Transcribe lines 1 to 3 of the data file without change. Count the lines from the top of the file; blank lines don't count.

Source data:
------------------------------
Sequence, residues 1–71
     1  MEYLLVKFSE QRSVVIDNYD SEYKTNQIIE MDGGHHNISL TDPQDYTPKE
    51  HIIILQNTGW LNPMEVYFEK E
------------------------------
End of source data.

Sequence, residues 1–71
     1  MEYLLVKFSE QRSVVIDNYD SEYKTNQIIE MDGGHHNISL TDPQDYTPKE
    51  HIIILQNTGW LNPMEVYFEK E